Wednesday, August 13, 2008

Effective inventory management -more tips

Following items are almost sure to sell.
New Items with a Firm Customer Commitment – that is, a signed customer purchase order to buy the entire quantity that you must bring into inventory. Yes, there is a chance that the customer will go out of business, cancel the order, or return the material for credit, but most customers who are willing to sign a purchase order are intent on using the product.

Non-Stock Products with Recurring Sales. These are non-stock products that are continually sold to one or more customers. After you've ordered them several times in one year to fill existing customer orders, you may decide that it would be more economical for you, and more convenient for your customer, to keep several pieces in stock.

To reduce the chance of these items becoming dead inventory, sales should be analyzed at least twice a year to ensure that your customers are continuing to buy these products. If you notice a drop in usage one month, immediately contact the customer to determine the reason for the decrease in demand. Perhaps they are experiencing a temporary drop in usage – or, for some reason they've determined that your service is unsatisfactory, or their needs have changed. Quickly identifying the reason for the decrease in sales allows you to fix the problem or to liquidate your remaining inventory before it becomes dead stock.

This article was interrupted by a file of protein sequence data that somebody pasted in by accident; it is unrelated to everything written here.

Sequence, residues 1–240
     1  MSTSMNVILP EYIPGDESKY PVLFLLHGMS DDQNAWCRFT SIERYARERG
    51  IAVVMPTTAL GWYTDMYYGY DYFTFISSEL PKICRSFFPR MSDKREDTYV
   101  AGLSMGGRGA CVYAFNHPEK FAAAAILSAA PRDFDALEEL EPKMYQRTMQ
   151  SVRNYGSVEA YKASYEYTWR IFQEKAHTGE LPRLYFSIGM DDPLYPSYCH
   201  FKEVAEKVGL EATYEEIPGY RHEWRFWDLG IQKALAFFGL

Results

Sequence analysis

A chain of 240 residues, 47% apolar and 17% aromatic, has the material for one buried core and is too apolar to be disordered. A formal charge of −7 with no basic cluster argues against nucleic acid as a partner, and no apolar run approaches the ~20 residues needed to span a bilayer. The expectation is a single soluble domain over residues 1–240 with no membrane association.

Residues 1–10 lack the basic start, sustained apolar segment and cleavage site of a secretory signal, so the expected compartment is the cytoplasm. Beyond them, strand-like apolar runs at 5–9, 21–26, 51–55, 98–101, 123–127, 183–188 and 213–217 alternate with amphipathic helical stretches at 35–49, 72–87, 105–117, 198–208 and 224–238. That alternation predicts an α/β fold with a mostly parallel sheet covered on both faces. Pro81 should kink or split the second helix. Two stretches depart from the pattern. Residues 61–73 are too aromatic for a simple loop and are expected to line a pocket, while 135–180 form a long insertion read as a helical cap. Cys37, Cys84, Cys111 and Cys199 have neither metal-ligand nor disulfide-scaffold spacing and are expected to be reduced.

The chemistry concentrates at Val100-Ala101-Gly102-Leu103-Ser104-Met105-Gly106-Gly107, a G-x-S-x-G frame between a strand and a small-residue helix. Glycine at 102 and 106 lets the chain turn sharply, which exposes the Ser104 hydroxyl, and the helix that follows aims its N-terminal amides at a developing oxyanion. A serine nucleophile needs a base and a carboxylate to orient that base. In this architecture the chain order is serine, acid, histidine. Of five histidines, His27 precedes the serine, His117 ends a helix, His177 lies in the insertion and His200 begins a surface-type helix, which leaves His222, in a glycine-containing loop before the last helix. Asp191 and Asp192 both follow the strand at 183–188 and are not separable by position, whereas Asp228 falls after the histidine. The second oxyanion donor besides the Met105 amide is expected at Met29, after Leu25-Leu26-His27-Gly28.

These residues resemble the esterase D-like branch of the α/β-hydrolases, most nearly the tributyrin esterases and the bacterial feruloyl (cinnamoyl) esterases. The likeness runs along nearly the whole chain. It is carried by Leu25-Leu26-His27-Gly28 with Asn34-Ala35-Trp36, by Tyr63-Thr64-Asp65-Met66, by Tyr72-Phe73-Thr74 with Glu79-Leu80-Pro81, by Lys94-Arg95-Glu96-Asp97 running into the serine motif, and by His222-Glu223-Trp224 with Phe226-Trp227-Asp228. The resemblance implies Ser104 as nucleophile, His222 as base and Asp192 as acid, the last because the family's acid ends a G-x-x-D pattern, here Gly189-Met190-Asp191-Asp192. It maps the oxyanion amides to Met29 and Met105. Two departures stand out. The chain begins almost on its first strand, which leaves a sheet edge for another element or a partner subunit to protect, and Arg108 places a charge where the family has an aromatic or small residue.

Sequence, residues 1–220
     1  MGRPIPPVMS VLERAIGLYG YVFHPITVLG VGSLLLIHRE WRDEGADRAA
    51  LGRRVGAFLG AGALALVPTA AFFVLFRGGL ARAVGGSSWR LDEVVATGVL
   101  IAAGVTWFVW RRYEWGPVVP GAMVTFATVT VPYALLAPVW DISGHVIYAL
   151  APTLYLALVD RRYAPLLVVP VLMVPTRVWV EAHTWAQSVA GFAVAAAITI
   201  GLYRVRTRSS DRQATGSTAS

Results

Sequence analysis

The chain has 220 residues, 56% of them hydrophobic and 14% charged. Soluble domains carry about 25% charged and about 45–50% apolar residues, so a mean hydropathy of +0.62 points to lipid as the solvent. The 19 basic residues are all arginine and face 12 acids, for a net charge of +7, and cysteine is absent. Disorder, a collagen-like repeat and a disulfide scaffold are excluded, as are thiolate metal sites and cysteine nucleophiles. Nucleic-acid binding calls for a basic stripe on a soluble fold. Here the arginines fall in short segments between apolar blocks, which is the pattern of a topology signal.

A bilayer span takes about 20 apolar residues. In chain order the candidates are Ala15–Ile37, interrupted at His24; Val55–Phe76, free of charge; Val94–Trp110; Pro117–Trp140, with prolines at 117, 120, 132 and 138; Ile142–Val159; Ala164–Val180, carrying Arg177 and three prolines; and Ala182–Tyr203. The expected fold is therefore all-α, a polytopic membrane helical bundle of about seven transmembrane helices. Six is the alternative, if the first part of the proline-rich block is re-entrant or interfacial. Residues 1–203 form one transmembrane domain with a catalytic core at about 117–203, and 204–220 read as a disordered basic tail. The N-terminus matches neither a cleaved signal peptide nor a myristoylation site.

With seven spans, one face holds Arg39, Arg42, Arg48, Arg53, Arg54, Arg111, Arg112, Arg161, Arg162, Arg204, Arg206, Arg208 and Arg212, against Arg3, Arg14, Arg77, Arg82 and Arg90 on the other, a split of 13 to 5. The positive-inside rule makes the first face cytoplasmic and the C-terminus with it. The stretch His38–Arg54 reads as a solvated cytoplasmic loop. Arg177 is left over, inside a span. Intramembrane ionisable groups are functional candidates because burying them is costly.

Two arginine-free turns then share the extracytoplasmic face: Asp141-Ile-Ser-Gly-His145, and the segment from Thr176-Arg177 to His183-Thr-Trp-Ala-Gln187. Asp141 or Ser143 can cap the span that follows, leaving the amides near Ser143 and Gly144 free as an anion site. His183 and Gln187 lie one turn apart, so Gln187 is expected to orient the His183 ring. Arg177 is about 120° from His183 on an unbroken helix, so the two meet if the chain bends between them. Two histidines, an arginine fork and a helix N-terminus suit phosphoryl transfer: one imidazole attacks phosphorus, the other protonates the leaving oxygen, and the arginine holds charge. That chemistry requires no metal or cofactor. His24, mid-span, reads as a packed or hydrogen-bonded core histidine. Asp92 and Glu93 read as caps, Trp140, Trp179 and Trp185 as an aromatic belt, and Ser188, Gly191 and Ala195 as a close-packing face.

There is a greater chance that these new stock items will eventually become dead inventory. Salesperson and customer "suggestions" represent the most common type of moderate risk item.
To reduce the chance of these items becoming dead inventory, you must continually remind the salespeople of the sales and current stock position of all new stock items. Print and distribute a report containing the following new product information to each salesperson each week, or at a minimum each month, until the product has been in inventory for five to six months:

* Product number and description.
* Current month sales (in units).
* Sales projection for the current month (provided by the salesperson before the item was added to inventory).
* Total sales (in units) of the item to date.
* Total sales projection to date (provided by the salesperson before the item was added to inventory).
* Current on-hand quantity.
* Manually set minimum stock level of the item.
* Manually set maximum stock level of the item.
* Name of salesperson who requested that the item be stocked.
* Reason why the item was added to stock.Note that because we don't have enough usage history to accurately forecast future demand of new products, they are normally maintained with manually set minimum and maximum stock quantities

No comments: